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← Flexible Schema - Data Wranging with MongoDB

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Showing Revision 2 created 05/24/2016 by Udacity Robot.

  1. As so often the case with our data, some entries
  2. or documents will have fields that other do not. In
  3. any project, a data model usually goes through several literations.
  4. MongoDB was designed to address both of these issues by providing
  5. a flexible schema that deals well with both individual documents
  6. that vary in the fields they contain as well as
  7. the schema for our entire collection needing to change. Let's
  8. take a look at person info box data, as an example.
  9. Now for nearly everyone, it probably makes sense to
  10. include fields for birth and death dates. Maybe nationality and
  11. even profession, but not everyone will have held office, and
  12. not everyone is associated with a political party. And even
  13. if we're talking about people who are not famous,
  14. some people will have spouses. Some will have more than
  15. one. And others won't. Some will have children and some
  16. will not. Leaving aside the question of what is the
  17. right data model for person data. In MongoDB we can
  18. represent each person using the fields that are appropriate to them
  19. even if some person documents contain fields that others don't have.
  20. MongoDB's indexing system and query execution system take this into account.
  21. So we can query a people collection for people with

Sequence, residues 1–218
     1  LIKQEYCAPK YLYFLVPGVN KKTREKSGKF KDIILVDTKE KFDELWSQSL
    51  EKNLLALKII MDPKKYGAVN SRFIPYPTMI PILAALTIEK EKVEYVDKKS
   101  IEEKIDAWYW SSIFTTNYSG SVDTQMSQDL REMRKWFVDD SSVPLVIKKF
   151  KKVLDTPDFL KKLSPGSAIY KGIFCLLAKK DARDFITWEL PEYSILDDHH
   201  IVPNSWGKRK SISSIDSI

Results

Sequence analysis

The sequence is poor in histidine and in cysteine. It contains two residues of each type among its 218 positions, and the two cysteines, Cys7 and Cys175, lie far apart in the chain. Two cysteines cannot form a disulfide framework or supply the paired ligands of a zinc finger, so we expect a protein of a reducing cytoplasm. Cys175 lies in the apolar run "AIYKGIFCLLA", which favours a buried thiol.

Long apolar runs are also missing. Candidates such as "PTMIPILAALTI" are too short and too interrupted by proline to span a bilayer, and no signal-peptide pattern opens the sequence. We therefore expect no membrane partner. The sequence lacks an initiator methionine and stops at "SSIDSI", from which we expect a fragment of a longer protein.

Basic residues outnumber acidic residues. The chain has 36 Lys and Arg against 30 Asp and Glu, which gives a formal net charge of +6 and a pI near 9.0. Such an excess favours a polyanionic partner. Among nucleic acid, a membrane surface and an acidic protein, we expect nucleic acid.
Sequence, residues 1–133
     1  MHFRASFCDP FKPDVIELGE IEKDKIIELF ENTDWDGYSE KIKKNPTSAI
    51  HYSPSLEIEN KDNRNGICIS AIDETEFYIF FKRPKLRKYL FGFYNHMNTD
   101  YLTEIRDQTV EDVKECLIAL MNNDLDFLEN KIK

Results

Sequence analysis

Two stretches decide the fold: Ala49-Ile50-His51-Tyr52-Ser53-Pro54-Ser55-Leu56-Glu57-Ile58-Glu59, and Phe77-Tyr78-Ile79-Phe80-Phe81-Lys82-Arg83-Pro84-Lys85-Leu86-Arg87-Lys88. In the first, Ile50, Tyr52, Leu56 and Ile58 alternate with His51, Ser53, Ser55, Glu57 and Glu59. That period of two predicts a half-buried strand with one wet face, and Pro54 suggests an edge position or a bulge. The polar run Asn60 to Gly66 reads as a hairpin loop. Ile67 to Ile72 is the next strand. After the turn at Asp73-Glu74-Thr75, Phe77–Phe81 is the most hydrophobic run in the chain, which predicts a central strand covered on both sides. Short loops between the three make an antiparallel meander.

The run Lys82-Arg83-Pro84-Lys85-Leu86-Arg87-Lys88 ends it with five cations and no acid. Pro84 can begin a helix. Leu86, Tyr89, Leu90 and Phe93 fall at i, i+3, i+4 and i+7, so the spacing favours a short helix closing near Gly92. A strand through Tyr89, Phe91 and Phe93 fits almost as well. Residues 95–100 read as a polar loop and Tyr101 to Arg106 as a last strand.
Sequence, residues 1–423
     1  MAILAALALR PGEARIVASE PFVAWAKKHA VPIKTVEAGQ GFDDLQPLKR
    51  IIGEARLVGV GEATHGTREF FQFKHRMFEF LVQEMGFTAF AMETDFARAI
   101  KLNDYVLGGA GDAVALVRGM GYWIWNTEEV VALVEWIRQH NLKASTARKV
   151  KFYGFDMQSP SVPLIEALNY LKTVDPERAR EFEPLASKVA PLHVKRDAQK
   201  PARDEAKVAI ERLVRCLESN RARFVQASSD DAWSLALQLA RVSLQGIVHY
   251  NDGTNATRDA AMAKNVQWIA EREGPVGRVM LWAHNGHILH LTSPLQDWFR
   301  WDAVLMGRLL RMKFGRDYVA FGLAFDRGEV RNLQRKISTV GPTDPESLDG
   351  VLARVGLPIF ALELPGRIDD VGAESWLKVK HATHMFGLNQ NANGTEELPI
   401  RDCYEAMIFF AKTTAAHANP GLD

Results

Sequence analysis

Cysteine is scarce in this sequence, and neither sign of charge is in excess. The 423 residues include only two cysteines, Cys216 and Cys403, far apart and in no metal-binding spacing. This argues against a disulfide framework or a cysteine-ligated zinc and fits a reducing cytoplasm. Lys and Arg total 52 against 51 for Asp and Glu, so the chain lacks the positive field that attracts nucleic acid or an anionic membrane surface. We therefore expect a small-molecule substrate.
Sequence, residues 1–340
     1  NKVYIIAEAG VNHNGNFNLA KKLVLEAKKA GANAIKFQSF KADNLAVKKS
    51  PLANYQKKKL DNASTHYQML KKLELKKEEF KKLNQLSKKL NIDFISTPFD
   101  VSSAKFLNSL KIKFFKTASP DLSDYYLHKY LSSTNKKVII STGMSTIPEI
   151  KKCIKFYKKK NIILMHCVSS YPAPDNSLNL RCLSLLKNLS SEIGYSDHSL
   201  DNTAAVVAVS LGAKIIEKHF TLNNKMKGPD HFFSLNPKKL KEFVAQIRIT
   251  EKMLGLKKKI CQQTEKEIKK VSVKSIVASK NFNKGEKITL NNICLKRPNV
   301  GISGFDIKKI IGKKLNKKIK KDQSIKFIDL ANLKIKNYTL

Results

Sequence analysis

22. two or more children, and it will work as expected retrieving
  23. only data for people that have two or more entries in
  24. the array that serves as the value for the children field.
  25. Ignoring documents with fewer As well as documents that don't
  26. have a children field at all. What this also means is
  27. that it's easy to evolve your scheme as new needs emerge
  28. or more data becomes available. It's a simple matter to begin
  29. adding documents to a collection that have new fields you now
  30. want to track or to change the way you model existing
  31. fields. As an example of this, let's take a look at
  32. the dbpedia page, that describes the data sets that are available.
  33. Now, if I scroll down this page. And, I've already
  34. done that here, we have an example for city data.
  35. So, so far we've looked at automobile data, person data
  36. and now, city data, from the info-box data set. And, I'm
  37. showing this example to illustrate the fact that the scheme
  38. for city info boxes has evolved. And, we can see that
  39. in this old example for Innsbruck. And comparing it to
  40. the new example for Innsbruck and if you look through this
  41. data there are a couple of places where
  42. the data has changed. There's no mayor listed here
  43. as there is here and while there's no time
  44. zone listed in the old form of the data.
  45. The time zone for central and day light
  46. savings time are listed here. Small differences, but these
  47. are the type of subtle changes that we would
  48. expect to see in a schema that is evolving.